Solar Impulse, the manned solar-powered airplane, began a 1,554-mile trip from Switzerland to Morocco, Thursday and landed safely after a 17-hour first leg at its planned layover site of Madrid. The 3,500-pound vehicle is carried by a 207-foot wingspan. It is propelled by batteries and 12,000 solar cells driving four electric motors. Pilot Andre Borschberg was at the controls for the first leg of the journey and reportedsubstantiated confidence in the technology. It was incredible to fly alongside the barrier of clouds during most of the flight and not need to hesitate to fly above them. This confirms our confidence in the capacity of solar energy even further. Monday, after a three-day layover to check the condition of the aircraft and make promotional visits, Bertrand Piccard is scheduled to take the controls for the next leg. Weather permitting, Piccard's leg will see completion of the journey in Morocco. The trip is just a small step toward the team's long term goals.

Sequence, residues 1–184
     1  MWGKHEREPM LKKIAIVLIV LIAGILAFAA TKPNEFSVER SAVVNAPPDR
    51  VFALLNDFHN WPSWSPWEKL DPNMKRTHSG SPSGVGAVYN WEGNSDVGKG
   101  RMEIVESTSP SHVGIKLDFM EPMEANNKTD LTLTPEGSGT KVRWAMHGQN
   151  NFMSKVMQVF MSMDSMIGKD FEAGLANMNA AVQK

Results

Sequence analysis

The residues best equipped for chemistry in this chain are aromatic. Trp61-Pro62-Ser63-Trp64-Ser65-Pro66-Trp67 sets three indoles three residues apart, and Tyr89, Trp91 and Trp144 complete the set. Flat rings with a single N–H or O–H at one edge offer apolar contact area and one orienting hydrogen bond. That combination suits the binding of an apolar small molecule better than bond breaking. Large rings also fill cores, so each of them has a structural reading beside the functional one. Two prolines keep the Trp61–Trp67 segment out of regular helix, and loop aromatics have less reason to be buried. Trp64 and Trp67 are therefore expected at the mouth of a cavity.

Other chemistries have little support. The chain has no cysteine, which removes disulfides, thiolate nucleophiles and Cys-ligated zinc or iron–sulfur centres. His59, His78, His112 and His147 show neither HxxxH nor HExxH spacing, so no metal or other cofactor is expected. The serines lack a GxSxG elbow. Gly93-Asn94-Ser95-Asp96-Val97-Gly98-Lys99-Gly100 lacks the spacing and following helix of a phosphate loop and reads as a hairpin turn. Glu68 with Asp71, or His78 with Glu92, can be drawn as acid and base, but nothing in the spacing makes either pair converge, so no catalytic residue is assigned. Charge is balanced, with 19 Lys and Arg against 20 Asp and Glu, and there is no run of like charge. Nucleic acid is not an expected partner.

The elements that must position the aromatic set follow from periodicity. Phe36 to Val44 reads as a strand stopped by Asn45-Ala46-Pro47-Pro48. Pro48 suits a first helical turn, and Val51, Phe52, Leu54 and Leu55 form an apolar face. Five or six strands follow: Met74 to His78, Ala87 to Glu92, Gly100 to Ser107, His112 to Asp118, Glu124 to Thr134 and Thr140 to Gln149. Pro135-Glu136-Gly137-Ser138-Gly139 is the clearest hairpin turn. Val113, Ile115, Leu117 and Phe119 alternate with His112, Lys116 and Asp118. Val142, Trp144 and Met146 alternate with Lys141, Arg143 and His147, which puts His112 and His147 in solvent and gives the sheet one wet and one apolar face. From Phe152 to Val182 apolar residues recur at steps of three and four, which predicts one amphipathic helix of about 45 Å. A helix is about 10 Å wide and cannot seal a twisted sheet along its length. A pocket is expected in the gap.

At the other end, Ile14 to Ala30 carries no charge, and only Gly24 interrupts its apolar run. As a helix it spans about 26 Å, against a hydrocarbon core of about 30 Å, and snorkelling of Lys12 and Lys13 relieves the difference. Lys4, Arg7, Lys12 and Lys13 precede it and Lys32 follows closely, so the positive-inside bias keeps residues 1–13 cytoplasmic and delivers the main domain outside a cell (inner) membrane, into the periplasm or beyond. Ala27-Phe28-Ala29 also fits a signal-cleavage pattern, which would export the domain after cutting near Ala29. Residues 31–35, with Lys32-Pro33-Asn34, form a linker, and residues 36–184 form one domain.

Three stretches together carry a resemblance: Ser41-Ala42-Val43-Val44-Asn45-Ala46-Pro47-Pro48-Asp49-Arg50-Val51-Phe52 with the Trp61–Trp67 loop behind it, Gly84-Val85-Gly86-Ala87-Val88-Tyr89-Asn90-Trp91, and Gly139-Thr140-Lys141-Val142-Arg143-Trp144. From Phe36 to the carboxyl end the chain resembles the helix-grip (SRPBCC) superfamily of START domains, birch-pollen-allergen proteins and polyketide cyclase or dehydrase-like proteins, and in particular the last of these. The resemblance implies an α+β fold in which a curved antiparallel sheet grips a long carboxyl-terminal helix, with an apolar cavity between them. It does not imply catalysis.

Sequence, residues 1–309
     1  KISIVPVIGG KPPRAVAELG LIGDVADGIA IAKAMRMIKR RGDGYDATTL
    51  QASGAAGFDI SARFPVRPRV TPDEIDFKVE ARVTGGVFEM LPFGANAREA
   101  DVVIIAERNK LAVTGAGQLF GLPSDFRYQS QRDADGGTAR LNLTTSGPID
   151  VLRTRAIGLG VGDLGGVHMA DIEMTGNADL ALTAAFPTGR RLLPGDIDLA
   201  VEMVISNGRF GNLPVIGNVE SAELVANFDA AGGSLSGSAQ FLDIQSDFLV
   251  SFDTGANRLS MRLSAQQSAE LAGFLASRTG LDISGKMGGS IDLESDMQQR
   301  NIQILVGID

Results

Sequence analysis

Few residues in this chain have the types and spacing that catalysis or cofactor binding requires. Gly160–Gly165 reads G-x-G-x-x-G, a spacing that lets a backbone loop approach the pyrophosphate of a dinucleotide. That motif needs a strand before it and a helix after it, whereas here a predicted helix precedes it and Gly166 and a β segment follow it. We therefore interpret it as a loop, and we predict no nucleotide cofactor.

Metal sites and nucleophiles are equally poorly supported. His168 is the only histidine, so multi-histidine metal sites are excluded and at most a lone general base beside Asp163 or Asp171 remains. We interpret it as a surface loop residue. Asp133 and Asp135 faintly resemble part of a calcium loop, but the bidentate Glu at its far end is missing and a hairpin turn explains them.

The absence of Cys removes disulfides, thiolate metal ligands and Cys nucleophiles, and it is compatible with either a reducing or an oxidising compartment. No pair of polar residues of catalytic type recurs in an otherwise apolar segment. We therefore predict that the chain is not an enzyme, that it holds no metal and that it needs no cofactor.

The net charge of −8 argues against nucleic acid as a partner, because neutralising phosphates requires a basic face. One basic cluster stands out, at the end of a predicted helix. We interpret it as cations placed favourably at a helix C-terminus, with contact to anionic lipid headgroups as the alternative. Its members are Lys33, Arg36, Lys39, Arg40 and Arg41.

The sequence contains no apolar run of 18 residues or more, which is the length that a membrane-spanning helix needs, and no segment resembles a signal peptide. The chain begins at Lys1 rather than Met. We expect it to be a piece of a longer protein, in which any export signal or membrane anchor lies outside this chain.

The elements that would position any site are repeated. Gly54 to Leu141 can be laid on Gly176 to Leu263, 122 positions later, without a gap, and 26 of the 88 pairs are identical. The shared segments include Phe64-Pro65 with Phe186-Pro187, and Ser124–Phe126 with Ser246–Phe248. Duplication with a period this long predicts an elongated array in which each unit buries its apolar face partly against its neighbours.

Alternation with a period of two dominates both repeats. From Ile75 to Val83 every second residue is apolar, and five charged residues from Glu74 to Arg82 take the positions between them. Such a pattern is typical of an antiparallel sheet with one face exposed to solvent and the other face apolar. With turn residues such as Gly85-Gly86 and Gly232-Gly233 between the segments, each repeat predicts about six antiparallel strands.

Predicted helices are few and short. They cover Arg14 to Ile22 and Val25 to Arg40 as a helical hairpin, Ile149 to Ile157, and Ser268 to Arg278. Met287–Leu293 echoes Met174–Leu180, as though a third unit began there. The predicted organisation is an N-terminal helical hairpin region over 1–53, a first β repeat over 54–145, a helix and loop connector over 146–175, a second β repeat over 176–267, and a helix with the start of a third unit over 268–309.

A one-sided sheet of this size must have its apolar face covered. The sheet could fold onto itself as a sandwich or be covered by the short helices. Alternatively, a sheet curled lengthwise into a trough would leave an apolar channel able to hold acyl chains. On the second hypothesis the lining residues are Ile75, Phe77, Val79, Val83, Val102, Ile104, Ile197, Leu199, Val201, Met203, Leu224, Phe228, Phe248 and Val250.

The Solar Impulse team became the first to operate a manned aircraft for more than 26 hours powered by batteries and energy acquired from the sun. The flight set endurance and altitude records. Another was earned in 2010 for manned flight powered only by sunlight. The team intends to punctuate all that with an around-the-world flight presently scheduled for 2014. The Switzerland-to-Morocco trip will allow the team to gather more real-world flight experience while promoting solar power. Morocco was chosen as a destination in part because of its plans to build five solar complexes generating 2000 megawatts of power by 2020.